Connect the Dots with Concept Maps

Posted on May 17, 2011 by


There is a push in academia to get students to look more in depth at what they are learning.  Students expect teachers to make learning not only innovative, exciting, different and entertaining but easy. 

Rigor is a very popular word used on campuses by teachers, administrators, and students alike, but they all have very different ideas as to what this should include.  Students often see rigor to be synonymous with creative.  It’s a new way to get them to learn the what, why, how, when and who of any subject.  On the flip side, teachers and administrators need to see the results of a rigorous course… increased test scores, improved comprehension, spirited classroom discussion and the list goes on.  Concept maps are a great way to connect what students want to do and what university faculty and staff want to see.

Despite the fact that concept maps have been around for a while, the modern day college student isn’t familiar with it.  This fact  makes using  concept maps new and fresh to students and essentially an ace in the hole for faculty and adjunct alike.  One of the greatest benefits of concept mapping is the versatility and ability to utilize in different disciplines and with students with different learning modalities.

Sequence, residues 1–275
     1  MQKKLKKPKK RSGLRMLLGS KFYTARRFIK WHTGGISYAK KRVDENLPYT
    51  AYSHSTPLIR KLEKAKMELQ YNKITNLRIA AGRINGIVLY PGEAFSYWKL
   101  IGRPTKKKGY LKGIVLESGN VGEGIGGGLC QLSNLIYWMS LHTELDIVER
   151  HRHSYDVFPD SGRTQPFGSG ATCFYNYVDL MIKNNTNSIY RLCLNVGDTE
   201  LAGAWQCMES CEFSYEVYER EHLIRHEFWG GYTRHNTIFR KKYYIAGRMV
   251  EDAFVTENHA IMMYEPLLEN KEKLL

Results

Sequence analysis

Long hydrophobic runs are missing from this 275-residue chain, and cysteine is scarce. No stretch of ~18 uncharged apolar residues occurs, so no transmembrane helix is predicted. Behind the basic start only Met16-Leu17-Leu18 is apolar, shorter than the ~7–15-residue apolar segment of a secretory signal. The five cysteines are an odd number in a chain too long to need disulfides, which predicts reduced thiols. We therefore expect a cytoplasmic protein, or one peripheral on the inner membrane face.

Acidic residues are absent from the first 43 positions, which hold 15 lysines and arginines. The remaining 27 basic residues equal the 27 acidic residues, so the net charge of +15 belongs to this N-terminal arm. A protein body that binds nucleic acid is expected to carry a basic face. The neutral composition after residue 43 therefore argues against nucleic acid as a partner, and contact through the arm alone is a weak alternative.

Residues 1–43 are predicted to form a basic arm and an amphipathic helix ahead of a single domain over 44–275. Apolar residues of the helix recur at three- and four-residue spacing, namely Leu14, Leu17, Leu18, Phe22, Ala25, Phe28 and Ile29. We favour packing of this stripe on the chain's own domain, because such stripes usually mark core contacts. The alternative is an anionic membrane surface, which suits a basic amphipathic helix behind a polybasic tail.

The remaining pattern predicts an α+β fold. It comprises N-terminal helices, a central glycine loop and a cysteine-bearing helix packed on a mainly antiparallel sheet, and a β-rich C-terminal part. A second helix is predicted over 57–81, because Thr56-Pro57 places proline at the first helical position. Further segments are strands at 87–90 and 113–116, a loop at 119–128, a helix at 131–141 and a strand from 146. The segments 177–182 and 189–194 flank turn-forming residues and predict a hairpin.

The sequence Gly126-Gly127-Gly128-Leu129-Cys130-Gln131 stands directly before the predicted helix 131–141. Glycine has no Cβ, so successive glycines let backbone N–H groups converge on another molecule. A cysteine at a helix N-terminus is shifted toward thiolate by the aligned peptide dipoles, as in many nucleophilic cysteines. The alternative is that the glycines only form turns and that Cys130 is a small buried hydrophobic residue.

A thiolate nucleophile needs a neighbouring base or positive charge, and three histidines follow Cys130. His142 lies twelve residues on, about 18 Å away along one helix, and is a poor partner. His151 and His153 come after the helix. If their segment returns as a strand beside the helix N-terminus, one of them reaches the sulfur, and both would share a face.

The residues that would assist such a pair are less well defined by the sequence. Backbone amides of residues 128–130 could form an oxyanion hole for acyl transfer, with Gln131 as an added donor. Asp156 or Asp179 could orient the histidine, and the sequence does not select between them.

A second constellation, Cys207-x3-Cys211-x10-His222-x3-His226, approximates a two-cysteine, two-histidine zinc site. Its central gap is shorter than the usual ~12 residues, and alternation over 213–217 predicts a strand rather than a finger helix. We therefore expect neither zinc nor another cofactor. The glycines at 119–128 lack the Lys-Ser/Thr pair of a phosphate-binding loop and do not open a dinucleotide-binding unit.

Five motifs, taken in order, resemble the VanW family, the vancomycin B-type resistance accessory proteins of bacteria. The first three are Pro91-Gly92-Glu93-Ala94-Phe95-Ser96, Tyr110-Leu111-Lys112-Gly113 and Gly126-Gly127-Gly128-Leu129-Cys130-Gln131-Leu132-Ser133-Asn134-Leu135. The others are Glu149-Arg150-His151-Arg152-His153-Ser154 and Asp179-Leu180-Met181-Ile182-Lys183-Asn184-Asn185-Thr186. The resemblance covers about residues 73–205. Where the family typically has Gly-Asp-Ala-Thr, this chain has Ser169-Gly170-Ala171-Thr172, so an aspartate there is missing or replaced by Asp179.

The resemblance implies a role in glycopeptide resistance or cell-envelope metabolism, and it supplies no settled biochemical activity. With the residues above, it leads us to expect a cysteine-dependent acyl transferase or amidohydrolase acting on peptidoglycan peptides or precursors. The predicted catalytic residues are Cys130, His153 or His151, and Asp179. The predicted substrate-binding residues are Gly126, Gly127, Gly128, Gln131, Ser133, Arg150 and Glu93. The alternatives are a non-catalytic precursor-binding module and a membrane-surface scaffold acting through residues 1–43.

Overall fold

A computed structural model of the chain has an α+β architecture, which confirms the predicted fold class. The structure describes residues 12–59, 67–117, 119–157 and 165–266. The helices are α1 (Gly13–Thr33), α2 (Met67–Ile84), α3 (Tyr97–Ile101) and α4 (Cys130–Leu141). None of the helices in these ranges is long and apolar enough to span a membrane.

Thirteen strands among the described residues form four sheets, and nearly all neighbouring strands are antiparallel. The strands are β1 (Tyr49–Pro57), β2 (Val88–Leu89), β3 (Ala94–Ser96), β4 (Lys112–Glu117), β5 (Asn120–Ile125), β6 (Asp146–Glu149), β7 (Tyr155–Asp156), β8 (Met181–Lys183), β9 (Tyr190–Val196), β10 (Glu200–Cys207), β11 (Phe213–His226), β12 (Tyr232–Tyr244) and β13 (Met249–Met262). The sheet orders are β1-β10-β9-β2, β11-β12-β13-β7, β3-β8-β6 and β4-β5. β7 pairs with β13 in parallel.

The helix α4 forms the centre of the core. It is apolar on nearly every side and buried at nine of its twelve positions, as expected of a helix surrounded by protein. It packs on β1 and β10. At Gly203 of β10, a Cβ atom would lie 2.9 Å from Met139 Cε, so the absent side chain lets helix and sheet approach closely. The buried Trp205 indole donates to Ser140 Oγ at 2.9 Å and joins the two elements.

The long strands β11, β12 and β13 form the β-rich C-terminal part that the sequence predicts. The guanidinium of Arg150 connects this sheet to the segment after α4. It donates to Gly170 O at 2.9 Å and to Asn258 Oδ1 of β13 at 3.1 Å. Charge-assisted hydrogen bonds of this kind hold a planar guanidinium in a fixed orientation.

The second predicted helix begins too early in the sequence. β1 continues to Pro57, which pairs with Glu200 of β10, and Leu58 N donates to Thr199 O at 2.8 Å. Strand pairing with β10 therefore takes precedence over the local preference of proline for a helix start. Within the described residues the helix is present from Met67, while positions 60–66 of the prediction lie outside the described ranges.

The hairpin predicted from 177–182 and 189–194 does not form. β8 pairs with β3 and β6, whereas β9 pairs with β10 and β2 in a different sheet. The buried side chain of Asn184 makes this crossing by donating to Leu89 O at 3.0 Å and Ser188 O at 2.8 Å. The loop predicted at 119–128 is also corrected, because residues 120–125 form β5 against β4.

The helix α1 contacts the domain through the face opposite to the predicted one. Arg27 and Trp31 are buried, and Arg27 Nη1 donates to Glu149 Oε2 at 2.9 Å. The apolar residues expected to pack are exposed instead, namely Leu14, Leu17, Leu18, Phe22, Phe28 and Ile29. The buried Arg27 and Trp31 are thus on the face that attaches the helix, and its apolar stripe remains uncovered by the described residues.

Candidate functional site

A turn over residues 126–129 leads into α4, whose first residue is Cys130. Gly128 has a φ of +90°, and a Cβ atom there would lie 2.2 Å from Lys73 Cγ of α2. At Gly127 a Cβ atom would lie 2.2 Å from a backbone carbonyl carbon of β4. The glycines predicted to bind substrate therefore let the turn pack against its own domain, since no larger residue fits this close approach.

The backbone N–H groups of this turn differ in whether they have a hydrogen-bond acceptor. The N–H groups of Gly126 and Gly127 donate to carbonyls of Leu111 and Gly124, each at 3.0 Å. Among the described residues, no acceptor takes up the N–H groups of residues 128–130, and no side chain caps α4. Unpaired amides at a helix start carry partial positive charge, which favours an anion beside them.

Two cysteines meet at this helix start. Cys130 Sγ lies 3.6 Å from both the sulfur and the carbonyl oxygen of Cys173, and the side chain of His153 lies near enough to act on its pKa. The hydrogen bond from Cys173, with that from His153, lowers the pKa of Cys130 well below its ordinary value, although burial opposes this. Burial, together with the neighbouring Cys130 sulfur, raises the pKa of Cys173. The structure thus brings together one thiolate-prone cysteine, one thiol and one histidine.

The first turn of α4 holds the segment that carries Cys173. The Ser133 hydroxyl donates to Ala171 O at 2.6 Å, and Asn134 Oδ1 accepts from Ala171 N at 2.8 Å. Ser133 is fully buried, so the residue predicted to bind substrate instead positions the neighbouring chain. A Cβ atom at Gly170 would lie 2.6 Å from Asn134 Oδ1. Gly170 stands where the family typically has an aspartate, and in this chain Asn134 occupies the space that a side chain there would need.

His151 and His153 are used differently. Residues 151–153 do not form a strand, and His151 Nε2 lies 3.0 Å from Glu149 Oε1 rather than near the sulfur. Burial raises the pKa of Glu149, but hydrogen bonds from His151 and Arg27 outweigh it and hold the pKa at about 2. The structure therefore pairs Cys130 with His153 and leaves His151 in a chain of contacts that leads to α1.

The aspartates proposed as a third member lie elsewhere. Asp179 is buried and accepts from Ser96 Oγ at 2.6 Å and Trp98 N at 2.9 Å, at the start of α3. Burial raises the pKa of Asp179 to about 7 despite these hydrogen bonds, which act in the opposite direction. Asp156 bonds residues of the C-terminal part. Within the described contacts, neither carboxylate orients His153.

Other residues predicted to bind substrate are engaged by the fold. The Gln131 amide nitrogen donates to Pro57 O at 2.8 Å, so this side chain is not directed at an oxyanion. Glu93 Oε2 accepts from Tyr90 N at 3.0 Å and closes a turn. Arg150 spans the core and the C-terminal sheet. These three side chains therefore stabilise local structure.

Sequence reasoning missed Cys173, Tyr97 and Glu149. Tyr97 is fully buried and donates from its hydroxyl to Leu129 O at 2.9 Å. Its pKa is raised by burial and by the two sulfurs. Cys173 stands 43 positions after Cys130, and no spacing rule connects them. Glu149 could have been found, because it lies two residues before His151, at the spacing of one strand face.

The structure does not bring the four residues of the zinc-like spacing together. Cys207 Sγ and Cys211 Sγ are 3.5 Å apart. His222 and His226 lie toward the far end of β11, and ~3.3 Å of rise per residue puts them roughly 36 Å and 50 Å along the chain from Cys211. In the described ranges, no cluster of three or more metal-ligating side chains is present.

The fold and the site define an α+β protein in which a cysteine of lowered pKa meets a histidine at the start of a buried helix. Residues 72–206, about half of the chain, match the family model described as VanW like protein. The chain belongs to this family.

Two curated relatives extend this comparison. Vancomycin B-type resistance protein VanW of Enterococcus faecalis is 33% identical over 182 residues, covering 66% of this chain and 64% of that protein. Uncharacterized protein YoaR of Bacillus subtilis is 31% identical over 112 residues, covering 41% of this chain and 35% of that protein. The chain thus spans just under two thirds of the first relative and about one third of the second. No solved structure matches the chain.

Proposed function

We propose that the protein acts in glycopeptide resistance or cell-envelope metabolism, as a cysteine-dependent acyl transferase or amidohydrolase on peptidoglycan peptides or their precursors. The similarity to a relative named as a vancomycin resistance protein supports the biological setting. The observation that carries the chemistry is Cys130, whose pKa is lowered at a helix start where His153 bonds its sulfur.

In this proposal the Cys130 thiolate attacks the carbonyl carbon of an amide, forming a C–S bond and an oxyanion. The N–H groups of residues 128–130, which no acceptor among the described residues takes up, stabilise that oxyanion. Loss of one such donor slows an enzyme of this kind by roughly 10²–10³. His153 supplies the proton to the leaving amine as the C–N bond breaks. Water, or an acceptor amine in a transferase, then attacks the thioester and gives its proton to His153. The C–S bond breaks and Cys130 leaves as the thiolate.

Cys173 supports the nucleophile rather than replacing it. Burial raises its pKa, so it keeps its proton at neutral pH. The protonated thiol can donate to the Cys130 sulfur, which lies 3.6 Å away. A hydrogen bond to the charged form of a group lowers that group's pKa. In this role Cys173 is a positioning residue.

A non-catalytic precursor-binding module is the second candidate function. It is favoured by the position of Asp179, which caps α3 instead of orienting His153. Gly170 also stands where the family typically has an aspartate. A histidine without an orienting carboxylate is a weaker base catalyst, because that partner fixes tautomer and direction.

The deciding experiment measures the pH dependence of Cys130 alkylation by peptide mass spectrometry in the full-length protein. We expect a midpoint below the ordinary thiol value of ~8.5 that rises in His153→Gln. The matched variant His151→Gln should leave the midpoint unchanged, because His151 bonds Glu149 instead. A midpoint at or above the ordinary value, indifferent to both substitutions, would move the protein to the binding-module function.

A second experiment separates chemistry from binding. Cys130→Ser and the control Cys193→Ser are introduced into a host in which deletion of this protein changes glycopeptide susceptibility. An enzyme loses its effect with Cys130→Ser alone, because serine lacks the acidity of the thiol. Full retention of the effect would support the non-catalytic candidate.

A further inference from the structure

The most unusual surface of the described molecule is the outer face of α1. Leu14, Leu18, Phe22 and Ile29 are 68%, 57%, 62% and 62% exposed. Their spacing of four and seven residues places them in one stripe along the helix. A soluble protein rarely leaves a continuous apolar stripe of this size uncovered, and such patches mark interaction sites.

Implementing concepts maps into a course will improve critical thinking, deepen students understanding of how ideas connect on a larger scale and push the student to think more independently.  The hope is that these students will (hopefully) often find the answers to questions or issues they face on there own as opposed to plugging in a formula.  That sounds pretty rigorous by anyone standards.  Its sure to make students sit up and pay attention to this new teaching methods which will in turn give the results that assessment hungry faculty and staff are in such need for.

Do you use concept maps in your course?  Are they effective?  If you don’t use them, why not?

Posted in: Academic Affairs